• In his 1963 encyclical Pacem in Terris (Peace on Earth) Pope John XXIII forcefully condemned nuclear weapons. Yet, reluctantly he made an exception for possessing nuclear weapons for deterrence.
  • In June 1982 Pope John Paul II clarified: “In current conditions deterrence based on balance, certainly not as an end in itself but as a step on the way toward a progressive disarmament, may still be judged morally acceptable.”
  • In 1983 the U.S. Catholic bishops followed up with their conditional endorsement of deterrence: “It is a transitional strategy justifiable only in conjunction with resolute determination to pursue arms control and disarmament.”

The ups and downs of nuclear disarmament

In the next 10 years the world changed. The Soviet Union dissolved into its member states. It seemed the “Cold War” was at an end.

Up to that time progress on controlling nuclear weapons consisted mostly in keeping a bad situation from getting worse. Nuclear weapons states had signed a variety of treaties starting in 1959. Some treaties aimed to keep certain areas of the world, like Antarctica and the seabed, free of nuclear weapons. Other treaties limited the extent to which a country’s nuclear arsenal could grow. Others aimed at preventing more countries from going nuclear.

More ambitious treaties were coming, and stockpiles of nuclear weapons would begin to go down. The U.S. Catholic article notes that “with new partners in Russia, U.S. negotiators made rapid progress on nuclear disarmament.” But, the article laments,

… as the 20th century drew to a close, Vatican diplomats became frustrated by the diminishing pace of disarmament.

A world without nuclear weapons wasn’t a goal the nuclear powers were chasing very seriously.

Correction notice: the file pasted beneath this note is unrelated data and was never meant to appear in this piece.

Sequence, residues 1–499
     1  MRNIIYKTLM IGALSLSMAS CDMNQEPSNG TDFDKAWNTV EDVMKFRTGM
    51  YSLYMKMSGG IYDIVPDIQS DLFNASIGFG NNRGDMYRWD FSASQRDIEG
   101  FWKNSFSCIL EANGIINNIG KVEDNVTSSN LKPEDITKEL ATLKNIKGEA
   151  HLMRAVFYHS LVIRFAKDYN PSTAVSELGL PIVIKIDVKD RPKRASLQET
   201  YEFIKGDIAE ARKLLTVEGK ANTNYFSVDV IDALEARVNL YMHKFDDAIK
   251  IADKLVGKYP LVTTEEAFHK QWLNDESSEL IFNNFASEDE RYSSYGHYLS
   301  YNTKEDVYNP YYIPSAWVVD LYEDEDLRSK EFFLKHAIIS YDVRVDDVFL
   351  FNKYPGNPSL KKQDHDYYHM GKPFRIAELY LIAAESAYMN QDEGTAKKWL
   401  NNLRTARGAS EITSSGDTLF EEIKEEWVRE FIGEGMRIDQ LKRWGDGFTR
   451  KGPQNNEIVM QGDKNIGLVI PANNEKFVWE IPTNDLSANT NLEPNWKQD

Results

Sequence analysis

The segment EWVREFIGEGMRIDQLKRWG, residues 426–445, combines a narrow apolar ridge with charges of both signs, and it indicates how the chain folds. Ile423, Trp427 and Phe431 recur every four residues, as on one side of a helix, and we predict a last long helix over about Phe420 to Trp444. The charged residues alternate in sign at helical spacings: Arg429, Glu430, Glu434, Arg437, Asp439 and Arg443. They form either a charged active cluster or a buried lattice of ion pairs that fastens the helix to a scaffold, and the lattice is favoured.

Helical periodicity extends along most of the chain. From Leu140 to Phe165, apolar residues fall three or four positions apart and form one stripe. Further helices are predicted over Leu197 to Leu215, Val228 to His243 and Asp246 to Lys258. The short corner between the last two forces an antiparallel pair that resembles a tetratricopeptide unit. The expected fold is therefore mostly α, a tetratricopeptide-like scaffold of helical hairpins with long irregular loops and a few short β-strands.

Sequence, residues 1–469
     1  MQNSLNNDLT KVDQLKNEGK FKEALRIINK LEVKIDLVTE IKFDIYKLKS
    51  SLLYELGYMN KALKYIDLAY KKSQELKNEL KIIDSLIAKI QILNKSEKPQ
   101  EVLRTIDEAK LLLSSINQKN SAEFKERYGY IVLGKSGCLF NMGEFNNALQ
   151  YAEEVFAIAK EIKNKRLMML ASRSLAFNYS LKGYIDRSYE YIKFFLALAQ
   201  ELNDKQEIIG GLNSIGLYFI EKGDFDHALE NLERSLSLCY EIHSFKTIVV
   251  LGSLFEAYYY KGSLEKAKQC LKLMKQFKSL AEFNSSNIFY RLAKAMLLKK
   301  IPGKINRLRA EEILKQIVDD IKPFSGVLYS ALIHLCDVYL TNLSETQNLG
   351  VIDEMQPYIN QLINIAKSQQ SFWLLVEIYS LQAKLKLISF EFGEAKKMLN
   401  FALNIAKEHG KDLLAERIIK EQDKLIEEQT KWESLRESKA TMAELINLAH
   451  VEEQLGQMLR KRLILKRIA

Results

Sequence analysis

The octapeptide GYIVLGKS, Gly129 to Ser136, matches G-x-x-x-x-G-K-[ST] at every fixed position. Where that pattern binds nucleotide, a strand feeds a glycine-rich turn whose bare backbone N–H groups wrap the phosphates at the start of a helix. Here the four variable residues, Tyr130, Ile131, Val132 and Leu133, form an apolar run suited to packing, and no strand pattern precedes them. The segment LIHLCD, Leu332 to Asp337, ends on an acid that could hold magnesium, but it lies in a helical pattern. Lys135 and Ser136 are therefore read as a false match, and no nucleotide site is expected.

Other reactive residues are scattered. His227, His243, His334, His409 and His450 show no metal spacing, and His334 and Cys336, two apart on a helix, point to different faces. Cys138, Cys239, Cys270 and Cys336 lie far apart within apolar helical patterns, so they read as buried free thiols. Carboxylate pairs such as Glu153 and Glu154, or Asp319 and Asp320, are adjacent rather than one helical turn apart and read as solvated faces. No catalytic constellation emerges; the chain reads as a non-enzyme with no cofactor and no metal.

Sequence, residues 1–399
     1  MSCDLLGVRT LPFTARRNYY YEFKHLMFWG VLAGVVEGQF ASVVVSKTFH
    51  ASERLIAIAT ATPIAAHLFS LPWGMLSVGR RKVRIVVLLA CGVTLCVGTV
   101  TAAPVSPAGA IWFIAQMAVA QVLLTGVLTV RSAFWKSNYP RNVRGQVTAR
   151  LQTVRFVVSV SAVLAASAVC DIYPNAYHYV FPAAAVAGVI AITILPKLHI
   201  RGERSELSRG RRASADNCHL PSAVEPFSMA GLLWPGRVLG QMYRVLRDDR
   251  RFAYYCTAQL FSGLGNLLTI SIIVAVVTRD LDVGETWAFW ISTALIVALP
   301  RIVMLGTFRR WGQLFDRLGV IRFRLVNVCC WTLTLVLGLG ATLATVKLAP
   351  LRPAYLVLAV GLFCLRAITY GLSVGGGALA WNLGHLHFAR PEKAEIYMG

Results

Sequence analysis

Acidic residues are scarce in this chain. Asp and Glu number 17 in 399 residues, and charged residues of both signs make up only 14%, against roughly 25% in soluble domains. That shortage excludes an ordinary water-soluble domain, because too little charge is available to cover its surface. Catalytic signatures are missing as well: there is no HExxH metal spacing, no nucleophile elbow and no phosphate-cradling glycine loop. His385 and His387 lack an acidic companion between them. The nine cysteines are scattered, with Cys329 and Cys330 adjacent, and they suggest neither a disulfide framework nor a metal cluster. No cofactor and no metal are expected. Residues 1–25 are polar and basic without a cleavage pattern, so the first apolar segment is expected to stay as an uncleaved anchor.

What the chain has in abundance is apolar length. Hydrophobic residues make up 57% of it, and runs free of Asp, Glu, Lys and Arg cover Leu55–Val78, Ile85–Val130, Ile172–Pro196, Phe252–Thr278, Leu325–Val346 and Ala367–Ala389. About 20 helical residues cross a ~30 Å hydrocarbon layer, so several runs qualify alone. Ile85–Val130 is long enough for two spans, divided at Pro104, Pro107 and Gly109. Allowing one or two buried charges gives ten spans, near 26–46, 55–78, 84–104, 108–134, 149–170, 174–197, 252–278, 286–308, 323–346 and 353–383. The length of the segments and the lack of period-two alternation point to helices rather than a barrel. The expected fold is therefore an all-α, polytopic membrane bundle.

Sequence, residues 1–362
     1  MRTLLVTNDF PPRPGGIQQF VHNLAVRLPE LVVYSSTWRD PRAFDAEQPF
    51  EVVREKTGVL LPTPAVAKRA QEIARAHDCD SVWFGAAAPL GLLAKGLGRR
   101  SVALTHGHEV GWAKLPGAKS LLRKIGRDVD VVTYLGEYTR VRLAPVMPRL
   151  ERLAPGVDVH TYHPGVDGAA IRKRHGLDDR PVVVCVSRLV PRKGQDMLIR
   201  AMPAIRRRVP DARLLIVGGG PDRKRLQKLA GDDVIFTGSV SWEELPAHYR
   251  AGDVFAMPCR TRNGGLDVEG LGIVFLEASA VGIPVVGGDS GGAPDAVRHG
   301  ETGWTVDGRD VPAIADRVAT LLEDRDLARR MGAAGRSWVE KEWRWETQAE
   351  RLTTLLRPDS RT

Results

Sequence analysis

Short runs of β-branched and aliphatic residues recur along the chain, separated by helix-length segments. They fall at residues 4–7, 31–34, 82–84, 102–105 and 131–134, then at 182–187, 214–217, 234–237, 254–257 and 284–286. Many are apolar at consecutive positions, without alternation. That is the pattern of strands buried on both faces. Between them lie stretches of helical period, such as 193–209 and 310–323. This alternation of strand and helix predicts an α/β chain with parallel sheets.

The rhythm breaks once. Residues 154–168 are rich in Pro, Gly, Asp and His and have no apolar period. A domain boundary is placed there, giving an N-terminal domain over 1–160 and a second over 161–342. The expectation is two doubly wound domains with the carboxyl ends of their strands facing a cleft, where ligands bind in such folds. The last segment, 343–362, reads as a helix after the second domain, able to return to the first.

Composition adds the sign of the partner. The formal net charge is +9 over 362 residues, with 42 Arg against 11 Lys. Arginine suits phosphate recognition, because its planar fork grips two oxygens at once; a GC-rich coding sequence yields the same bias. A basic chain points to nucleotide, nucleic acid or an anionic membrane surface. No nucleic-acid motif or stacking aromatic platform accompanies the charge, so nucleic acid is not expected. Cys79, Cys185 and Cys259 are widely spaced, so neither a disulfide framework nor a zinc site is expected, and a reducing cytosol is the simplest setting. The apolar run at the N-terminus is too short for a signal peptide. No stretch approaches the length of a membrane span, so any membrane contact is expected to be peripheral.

But the year 2010 saw another highlight in nuclear disarmament. With New START (New Strategic Arms Reduction Treaty), the U.S. and Russia built on previous START treaties. The two countries “met the central limits of the treaty by February 5, 2018, and have stayed at or below them ever since, The U.S. Department of State says. The treaty cut in half the number of nuclear missile delivery systems and cut by two-thirds the number of deployed warheads from the original 1991 START treaty.

Then came the presidency of Donald Trump and backtracking on a number of nuclear arms treaties. New START was in still force, but only until just days after the next presidential inauguration. The new President Joe Biden promptly renewed the treaty, with Russian cooperation, for five years.

The problem remains.

It looks like, by the skin of our teeth, we are still on track for limiting nuclear arms and avoiding a new nuclear arms race. Not necessarily. New START limits the numbers of nuclear weapons, not their quality. Both Russia and the United States are contemplating huge expenditures in the effort to outdo each other in the quality of nuclear weapons and delivery systems.

One new weapons mutation is the development of smaller, lower-yield nuclear weapons. These, presumably, could be used on the battlefield and turn a warring country’s losing effort into victory. Or, just as likely, escalate into all-out nuclear war. The war in Ukraine has seen Russian President Putin engage in just such nuclear saber rattling.

New delivery systems include rockets that fly like planes but at hypersonic speeds. They can maneuver at low altitudes, evading radar detection.